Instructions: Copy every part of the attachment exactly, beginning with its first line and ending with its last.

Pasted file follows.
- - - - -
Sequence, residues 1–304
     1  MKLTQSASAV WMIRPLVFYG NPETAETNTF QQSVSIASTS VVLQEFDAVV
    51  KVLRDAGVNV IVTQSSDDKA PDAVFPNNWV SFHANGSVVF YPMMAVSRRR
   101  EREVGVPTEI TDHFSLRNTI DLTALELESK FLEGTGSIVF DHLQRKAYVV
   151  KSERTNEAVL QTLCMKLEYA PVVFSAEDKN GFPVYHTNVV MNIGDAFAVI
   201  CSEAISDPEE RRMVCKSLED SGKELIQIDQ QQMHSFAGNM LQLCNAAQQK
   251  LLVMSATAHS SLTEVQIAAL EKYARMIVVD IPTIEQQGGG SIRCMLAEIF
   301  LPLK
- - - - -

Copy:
Sequence, residues 1–304
     1  MKLTQSASAV WMIRPLVFYG NPETAETNTF QQSVSIASTS VVLQEFDAVV
    51  KVLRDAGVNV IVTQSSDDKA PDAVFPNNWV SFHANGSVVF YPMMAVSRRR
   101  EREVGVPTEI TDHFSLRNTI DLTALELESK FLEGTGSIVF DHLQRKAYVV
   151  KSERTNEAVL QTLCMKLEYA PVVFSAEDKN GFPVYHTNVV MNIGDAFAVI
   201  CSEAISDPEE RRMVCKSLED SGKELIQIDQ QQMHSFAGNM LQLCNAAQQK
   251  LLVMSATAHS SLTEVQIAAL EKYARMIVVD IPTIEQQGGG SIRCMLAEIF
   301  LPLK